February 14, 2007


Whenever the Census Bureau publishes comparative state data, residents of El Cabrero's beloved state of West Virginia usually wind up looking odd.

Charleston Gazette staff writer Paul Nyden pointed to several such nuggets from the 2006 Statistical Abstract of the United States in Tuesday's and today's paper. Here are a few:

*Residents, to paraphrase Dylan, are busier dying than being born.

"Between 2000 and 2004, West Virginia was the only state in the nation not to have a natural increase in its population." Deaths outnumbered births for a net loss of 2.044. New arrivals, however, lifted the total population.

*In 2004, only Florida had a higher population of people 65 and older (15.3 vs. 16.8).

*In 2000, 21 percent of Americans lived in rural areas, compared with 53.9 percent of West Virginians. Only Vermont and Maine had higher percentages.

*"West Virginians were also less likely to move to a different house than residents of any other state." I can explain that one: if you're already home, why move? Duh.

*West Virginia had the lowest percentage of foreign-born residents of all states and the District of Columbia.

*Just 2.1 percent of state residents speak a language other than English in the home, compared with 18.5 percent of all people older than 5.

(Note: El Cabrero has figured out two possible ways to increase our linguistic diversity. The first is admittedly a drastic remedy but I have tried it: marry a foreign language teacher. That way, if at 3:00 a.m. you want to find out how to say "There are dogs in my nose" in Spanish, all you have to do is ask. Just watch out for elbows. And by the way, it's "hay perros en mi nariz.")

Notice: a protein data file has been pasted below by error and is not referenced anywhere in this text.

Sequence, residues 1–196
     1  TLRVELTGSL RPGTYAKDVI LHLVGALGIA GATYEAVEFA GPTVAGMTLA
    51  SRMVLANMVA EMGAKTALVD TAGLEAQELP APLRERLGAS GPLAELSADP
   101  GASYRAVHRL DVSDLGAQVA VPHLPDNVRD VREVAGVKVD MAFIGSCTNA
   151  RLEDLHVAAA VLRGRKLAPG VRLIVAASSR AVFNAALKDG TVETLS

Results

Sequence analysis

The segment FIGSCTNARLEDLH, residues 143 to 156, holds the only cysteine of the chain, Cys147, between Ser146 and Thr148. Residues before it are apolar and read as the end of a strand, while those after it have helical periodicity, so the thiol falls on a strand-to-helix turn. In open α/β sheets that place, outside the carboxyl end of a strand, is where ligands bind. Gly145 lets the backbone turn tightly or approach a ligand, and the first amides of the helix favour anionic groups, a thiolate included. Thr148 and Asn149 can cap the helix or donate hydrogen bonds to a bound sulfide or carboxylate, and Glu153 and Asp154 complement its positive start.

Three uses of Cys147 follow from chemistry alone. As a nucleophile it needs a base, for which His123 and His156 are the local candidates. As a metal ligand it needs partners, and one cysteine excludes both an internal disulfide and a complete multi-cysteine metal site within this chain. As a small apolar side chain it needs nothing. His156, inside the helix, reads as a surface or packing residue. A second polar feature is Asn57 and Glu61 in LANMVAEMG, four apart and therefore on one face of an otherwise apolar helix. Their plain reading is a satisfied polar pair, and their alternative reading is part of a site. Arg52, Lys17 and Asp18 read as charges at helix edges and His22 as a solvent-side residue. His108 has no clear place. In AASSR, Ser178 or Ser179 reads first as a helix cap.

((The other remedy would be to get hillbilly declared its own language. Then we'd just have to work on English.))

*We had the highest white infant mortality rate and the highest death rates from heart disease, cancer, chronic respiratory diseases and diabetes. We also come in only second to Kentucky in smoking rates (30.8 to 27.4), which is probably not unrelated to the previous statistic.

*We still have the lowest rate of college graduates. On the other hand, state residents are much less likely to be victims of violent crime and identity theft than most Americans. The low crime rate is kind of odd considering that, to overgeneralize, we are a bunch of heavily armed poor people.

*I didn't see this one coming: we have the smallest water surface rate among states, and just about all that consists of flowing water. I guess all the water is trying to get downhill...

*We have the lowest workforce participation rate in the country, but state workers have a higher than average rate of union membership, although that has declined due to job loss in major industries.

SPEAKING OF UNIONS. Massey Energy CEO Don Blankenship, best known for his recent unsuccessful effort to buy the state legislature, testified in Montgomery in a National Labor Relations Board hearing about discrimination against union miners at Cannelton. His hostility to unions is a matter of public record. Check out this Gazette story by Susan Williams if you haven't already.

AND LEST WE FORGET, here's a link to the report on the Massey-owned Aracoma fire that killed two miners last year in Logan County. The report was prepared for Gov. Manchin by J. Davitt McAteer and associates.



Sometimes Saintly Nick said...

I have an old college buddy who retired to West Virginia after living in Arizona for many years. Don't people generally do the opposite? After reading this post, I still am wondering why he prefers a home on a mountain to the flat land of the desert. Or, maybe I don't. I have been through West Virginia several times and it is a beautiful state.

El Cabrero said...

I haven't made it to the desert yet (except metaphorically) so it would be hard for me to compare, but flat land depresses me. I feel my soul evaporating when there are no hills...